Endless night can drive anyone to murder.
Visit Jim Thompson's website.

"The Parisian Prodigal"

New from Minotaur Books: The Parisian Prodigal by Alan Gordon.

About the book, from the publisher:

“Only a fool would pass this one up.” —Laurie R. King

In 1205, Theophilos—a fool by trade, a family man by choice, and a spy by design—belongs, along with his family, to the Fools’ Guild, a group that secretly maintains the fragile order of society. In Toulouse, that order is threatened when, unexpectedly, a man claiming to be a full brother of the ruling count is found one morning in a local bordello next to a dead whore, killed with his own sword. Now, Theophilos and his family must uncover the truth.
The Parisian Prodigal is volume 8 of the Fools' Guild Mysteries.

Saturday, January 9, 2010

"Getting Revenge on Lauren Wood"

New from Simon Pulse: Getting Revenge on Lauren Wood by Eileen Cook.

About the book, from the publisher:

Popularity is the best revenge.

In the final weeks of eighth grade, Lauren Wood made a choice. She betrayed her best friend, Helen, in a manner so publicly humiliating that Helen had to move to a new town just to save face. Ditching Helen was worth it, though, because Lauren started high school as one of the It Girls--and now, at the start of her senior year, she's the cheerleading captain, the quarterback's girlfriend, and the undisputed queen bee. Lauren has everything she's ever wanted, and she has forgotten all about her ex-best friend.

But Helen could never forget Lauren. After three years of obsessing, she's moving back to her old town. She has a new name and a new look, but she hasn’t dropped her old grudges. She has a detailed plan to bring down her former BFF by taking away everything that's ever been important to Lauren—starting with her boyfriend.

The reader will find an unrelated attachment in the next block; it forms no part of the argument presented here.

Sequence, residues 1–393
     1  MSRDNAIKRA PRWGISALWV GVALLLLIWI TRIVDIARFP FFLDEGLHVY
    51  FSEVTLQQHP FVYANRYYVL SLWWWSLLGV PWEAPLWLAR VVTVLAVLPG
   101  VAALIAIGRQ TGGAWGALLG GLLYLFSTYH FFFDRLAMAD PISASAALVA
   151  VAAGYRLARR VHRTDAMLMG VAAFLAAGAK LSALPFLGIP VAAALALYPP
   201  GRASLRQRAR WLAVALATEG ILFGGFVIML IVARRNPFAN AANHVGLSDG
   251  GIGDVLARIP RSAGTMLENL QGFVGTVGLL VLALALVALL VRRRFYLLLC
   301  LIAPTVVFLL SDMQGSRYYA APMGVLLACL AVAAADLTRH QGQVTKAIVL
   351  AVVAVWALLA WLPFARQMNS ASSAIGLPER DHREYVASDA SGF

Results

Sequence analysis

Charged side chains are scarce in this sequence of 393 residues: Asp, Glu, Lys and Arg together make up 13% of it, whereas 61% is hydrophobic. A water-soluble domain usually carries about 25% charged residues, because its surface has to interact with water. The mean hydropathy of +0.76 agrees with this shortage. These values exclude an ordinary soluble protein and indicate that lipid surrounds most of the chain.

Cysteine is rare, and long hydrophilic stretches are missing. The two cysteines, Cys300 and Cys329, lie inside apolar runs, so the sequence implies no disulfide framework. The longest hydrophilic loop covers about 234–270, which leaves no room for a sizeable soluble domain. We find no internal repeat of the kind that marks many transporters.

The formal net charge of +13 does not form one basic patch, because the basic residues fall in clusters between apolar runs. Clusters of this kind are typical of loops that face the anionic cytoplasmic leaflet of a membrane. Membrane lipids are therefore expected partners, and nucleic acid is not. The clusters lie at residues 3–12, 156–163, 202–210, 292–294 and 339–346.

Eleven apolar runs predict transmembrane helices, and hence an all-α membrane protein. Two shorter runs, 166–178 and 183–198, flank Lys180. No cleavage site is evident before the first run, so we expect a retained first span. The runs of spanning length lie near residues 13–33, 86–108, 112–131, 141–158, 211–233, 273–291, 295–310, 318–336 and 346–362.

Watch out, Lauren Wood. Things are about to get bitchy.
Visit Eileen Cook's website.

"Baja Florida"

New from Minotaur Books: Baja Florida by Bob Morris.

About the book, from the publisher:

Zack Chasteen’s old friend Mickey Ryser pays a surprise visit to deliver some bad news: doctors tell him he has only a few weeks to live and he plans to spend it on his private-island hideaway in the Bahamas. But Ryser has a favor to ask. He needs Zack to find his estranged daughter, Jen, whom Ryser hasn’t seen in more than twenty years. He wants to make amends and spend what little time he has left with her.

When last heard from, Jen had bought a big sailboat and was bound for the Bahamas with some college friends. A private detective hired by Ryser to track her down has gone MIA. One of Jen’s friends has jumped ship, under curious conditions. And there’s the specter of an international piracy ring, known to hijack and plunder private yachts passing through island waters.

With little to go on, Zack embarks on a mission that will take him from one end of the Bahamas to the other. It’s home to all sorts of rogues and rascals, with plenty of places to hide--a wonderment of islands that Zack calls Baja Florida.